A series of controversial incidents in the Premier League over the weekend could prove timely, with the 20 clubs expected to vote on the introduction of VAR.
Liverpool’s 2-0 victory over Fulham on Sunday sparked debate over the legitimacy of an offside call that ruled out a goal for Aleksandar Mitrovic.
Though in this case an unclear decision—albeit seemingly the correct one—benefited the Reds, there have been a multitude of occasions when Jurgen Klopp‘s side would also have been aided by VAR.
As recently as the 1-1 draw at Arsenal, Sadio Mane was deemed offside after putting the ball in the net in the first half—only to have clearly been onside when Roberto Firmino struck.
VAR in the English top tier may become a reality sooner rather than later, according to the Mirror, with a rule change to be debated at Thursday’s shareholders’ meeting.
If at least 14 of the 20 clubs agree in favour, VAR could be introduced as soon as next season.
However, in April, there was a unanimous vote against its implementation for the current campaign, with further testing deemed necessary.
It remains to be seen whether this will be the case this time out, but there is considerable pressure from both players and managers for progress.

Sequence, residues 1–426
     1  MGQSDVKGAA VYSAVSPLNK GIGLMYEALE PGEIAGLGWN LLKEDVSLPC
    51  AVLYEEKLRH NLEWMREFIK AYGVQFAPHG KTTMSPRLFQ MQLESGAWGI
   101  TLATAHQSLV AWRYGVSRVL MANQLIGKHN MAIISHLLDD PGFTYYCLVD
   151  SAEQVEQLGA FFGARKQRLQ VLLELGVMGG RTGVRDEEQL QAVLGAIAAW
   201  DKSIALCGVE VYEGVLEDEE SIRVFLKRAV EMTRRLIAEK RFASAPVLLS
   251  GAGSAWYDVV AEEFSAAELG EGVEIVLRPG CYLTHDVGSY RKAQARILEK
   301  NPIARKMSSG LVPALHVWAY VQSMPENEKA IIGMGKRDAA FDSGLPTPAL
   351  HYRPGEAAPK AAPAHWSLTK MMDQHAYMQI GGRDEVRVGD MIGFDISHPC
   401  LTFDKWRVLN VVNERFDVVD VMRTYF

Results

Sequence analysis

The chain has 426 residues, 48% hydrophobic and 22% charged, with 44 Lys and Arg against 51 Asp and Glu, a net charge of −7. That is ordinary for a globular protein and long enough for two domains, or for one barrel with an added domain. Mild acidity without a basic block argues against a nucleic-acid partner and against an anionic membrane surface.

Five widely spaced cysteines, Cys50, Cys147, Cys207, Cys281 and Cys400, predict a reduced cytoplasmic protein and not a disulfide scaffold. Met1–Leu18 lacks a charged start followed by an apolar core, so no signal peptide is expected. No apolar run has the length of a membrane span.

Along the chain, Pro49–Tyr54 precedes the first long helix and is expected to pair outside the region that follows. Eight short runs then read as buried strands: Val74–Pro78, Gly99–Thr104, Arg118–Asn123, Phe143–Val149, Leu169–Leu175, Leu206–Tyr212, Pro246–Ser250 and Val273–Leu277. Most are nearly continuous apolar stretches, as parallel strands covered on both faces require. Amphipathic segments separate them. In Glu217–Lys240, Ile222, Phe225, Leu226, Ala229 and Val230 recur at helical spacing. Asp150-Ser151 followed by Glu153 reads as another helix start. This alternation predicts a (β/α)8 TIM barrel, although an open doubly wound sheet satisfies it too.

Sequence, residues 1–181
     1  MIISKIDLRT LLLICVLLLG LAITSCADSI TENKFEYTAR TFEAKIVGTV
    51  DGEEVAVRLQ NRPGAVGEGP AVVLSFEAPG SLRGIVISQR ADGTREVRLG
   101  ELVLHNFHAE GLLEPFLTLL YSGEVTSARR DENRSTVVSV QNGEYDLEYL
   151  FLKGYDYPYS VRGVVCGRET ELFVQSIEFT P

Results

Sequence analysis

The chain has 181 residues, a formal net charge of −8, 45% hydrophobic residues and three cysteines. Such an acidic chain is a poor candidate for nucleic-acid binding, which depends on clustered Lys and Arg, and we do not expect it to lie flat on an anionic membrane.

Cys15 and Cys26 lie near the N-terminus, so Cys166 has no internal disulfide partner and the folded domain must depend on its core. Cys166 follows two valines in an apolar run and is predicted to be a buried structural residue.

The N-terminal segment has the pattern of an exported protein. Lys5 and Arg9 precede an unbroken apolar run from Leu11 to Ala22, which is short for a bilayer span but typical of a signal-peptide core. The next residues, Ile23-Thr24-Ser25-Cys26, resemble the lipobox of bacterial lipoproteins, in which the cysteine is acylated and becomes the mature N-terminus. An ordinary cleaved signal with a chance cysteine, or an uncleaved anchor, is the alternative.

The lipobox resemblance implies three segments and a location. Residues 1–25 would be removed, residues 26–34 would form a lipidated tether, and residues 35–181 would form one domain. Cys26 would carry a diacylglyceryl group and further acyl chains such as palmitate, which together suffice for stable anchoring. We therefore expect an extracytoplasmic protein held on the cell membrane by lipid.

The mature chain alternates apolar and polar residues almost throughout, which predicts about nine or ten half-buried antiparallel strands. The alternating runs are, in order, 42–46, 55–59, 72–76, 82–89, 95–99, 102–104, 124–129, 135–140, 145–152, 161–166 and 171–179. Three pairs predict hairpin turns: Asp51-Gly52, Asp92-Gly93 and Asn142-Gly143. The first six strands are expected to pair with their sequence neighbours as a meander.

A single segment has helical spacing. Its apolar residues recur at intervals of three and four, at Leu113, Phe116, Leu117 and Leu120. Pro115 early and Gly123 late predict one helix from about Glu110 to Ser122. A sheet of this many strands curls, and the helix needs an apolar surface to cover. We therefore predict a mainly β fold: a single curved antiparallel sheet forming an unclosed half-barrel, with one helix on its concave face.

Most notably, Southampton striker Charlie Austin made an impassioned plea after their 1-1 draw with Watford on Saturday, when he was wrongly ruled offside after netting in the second half.
“We go on about ‘VAR this’, ‘VAR that’—help the officials out!” he said.
“Clearly they need help, clearly. We play in the Premier League, the ‘best league in the world’, the ‘most watched league in the world’, give them all the help they need.”
Chelsea centre-back Antonio Rudiger followed suit after he was yellow-carded despite an apparent headbutt from Everton winger Bernard in their 0-0 draw at Stamford Bridge.
“If in England we have VAR then I think Bernard has a problem,” he explained.
“He was diving and I told him to stand up, and then I was standing and he came with a lot of speed and hit me with his forehead, and I get a yellow card. To me that’s a joke.”
Fulham manager Slavisa Jokanovic argued that the decision to rule out Mitrovic’s header only for Mohamed Salah to go up the other and and score 14 seconds later had shown “disrespect to my team, myself and Fulham supporters.”
It is clearly a major issue in the Premier League, and with its use in the World Cup in Russia over the summer ultimately proving successful, there is clear precedent.
While it would take a big shift in stance for a majority of clubs to vote for its introduction, Thursday could prove a pivotal day for the top flight.